Casinos bring crime, poverty to communities
Published: Wednesday, March 23, 2011
Updated: Wednesday, March 23, 2011 14:03
Far from the Las Vegas-style grandiosity and allure, and even further from the pockets of the so-called high rollers and well-to-do, lies San Pablo's Lytton Casino, one of the city's most thriving enterprises.
No matter the hour of day, a steady flow of foot and car traffic can be seen swarming the 1,100 machine casino, sometimes filling the expansive lot to maximum capacity, and bringing a highly disproportionate mixture of regulars and occasional gamblers.
Over time, the Lytton Casino has become the veritable hub of the small city, allowing convenient 24/7 access to Class II gaming, or slots deemed games of chance rather than gambling.
But for all the success the casino experiences, someone will always be losing money.
Casinos would like you to think that the revenues and jobs they provide do more than offset the human damage they create, that they are actually a positive community force.
And on the surface, it seems like the perfect cure; tax revenue flowing into the city increases, local unemployment drops and police patrol shoots up immediately after casinos open their doors.
But according to a study released in June 2006 titled "Casinos, Crime and Community Cost," which studied 3,165 counties in the United States from 1977 to 1996, these benefits are statistically short-lived.
University of Georgia economist David B. Mustard found that just a year after opening, crime begins to increase at an accelerated rate, far surpassing what it would have been sans casino.
On the average, five years following the opening of a casino, robbery in the community goes up 136 percent, aggravated assault is up 91 percent, auto theft is up 78 percent, burglary is up 50 percent, larceny is up 38 percent, rape is up 21 percent and murder is up 12 percent, compared with surrounding communities.
After the initial deluge of resources fade, communities don't tend to continue adding police, allowing increased crime to eventually exhaust police resources.
Not only are police agencies overwhelmed, studies have shown that casinos increase the need for child welfare, mental health, emergency medical services and pathological and problem gambling programs in the surrounding community.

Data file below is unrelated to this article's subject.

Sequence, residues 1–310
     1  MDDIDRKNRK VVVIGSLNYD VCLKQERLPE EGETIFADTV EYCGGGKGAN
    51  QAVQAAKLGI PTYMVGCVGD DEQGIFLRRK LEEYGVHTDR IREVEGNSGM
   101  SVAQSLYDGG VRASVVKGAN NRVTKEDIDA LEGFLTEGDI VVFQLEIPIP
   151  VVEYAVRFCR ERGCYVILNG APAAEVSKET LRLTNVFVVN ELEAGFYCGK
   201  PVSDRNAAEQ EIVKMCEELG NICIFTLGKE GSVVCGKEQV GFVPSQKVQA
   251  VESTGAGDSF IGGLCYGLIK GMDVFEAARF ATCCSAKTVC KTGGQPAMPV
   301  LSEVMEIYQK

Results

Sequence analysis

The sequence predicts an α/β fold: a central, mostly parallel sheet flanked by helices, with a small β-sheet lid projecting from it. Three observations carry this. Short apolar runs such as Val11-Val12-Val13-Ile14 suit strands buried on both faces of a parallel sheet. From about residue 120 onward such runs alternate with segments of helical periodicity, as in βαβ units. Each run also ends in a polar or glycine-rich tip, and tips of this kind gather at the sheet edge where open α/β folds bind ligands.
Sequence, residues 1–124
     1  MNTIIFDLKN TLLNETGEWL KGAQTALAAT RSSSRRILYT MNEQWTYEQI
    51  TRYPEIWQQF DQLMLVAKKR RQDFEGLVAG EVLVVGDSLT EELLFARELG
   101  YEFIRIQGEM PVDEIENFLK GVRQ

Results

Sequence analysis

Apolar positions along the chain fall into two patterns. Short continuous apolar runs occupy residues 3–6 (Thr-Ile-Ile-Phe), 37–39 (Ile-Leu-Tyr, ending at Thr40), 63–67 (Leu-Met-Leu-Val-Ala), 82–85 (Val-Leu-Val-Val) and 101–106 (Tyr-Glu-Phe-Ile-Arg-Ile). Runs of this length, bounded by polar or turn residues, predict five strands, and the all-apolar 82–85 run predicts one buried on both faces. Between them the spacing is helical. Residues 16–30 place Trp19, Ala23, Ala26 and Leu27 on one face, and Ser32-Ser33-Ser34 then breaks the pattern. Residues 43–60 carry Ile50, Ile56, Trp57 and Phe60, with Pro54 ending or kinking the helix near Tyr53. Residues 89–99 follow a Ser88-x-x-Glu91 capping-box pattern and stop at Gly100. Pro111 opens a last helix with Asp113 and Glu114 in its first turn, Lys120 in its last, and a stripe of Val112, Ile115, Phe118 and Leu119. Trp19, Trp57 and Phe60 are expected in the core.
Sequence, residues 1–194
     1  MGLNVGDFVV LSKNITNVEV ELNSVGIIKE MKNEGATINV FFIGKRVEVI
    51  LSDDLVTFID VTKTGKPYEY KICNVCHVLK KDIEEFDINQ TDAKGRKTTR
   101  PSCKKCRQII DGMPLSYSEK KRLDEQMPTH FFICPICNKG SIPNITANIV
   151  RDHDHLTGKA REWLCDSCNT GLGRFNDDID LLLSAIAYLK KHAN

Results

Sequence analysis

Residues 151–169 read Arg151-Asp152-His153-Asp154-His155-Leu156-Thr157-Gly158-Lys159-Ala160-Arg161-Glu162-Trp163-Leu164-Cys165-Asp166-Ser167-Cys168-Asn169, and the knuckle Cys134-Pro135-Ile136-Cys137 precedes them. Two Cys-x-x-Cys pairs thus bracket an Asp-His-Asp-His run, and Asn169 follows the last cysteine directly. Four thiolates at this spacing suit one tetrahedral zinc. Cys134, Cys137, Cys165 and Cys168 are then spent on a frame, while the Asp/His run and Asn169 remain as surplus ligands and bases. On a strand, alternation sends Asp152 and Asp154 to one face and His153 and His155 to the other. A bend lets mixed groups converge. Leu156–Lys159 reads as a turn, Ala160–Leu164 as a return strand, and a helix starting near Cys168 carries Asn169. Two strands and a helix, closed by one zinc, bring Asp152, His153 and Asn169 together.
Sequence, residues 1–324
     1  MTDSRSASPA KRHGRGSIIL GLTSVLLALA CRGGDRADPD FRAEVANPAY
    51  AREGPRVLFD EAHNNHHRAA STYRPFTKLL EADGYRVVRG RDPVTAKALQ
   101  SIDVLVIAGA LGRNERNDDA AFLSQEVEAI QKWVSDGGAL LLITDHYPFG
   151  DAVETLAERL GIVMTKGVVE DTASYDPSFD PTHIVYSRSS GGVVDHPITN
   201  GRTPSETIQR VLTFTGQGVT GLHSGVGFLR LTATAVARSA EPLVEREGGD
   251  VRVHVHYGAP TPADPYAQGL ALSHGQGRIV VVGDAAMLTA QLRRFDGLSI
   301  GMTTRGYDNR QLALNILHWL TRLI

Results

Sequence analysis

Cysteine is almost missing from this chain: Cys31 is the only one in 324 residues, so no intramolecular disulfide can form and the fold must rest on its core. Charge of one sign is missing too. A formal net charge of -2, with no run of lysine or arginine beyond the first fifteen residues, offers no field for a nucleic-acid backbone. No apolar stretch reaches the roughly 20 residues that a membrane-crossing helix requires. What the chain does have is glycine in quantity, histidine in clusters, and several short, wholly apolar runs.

I think most of us have heard at least a few devastating tales come out casinos.
I know a man who once banned himself from Casino San Pablo, telling security to take whatever measures they found necessary to keep him away.
It didn't work. And unfortunately for him, while violating his own ban, his big win finally came and he was forced to pay off a meth addict $4,000 to get past security.
I know another man who would walk every dime he earned from El Sobrante down into San Pablo, and return without a penny.
This desperation is not rare, and the anecdotes continue to multiply.
Horror stories of robberies outside of the Lytton Casino or of being followed home and robbed at gunpoint should not come as a surprise.
And even more, Mustard's study found that surrounding non-casino counties show no significant increases in crime, proving that casinos breed crime locally rather than displace it from other areas.
Though I have no real memory of San Pablo without the Lytton Casino, I can't help but feel that my community has been bamboozled and scammed.
When a majority of the people who frequent the casino are only able to do so because of proximity, it becomes clear that the Lytton Casino, however unintentionally, is preying upon the destitution of its community.
It has become a cesspool of secondhand smoke, violent crime, stimulants, alcohol, gambling and other bodily abuse, and it is a festering sore in the socio-economic conditions of this region.
Our community does not deserve this degeneration.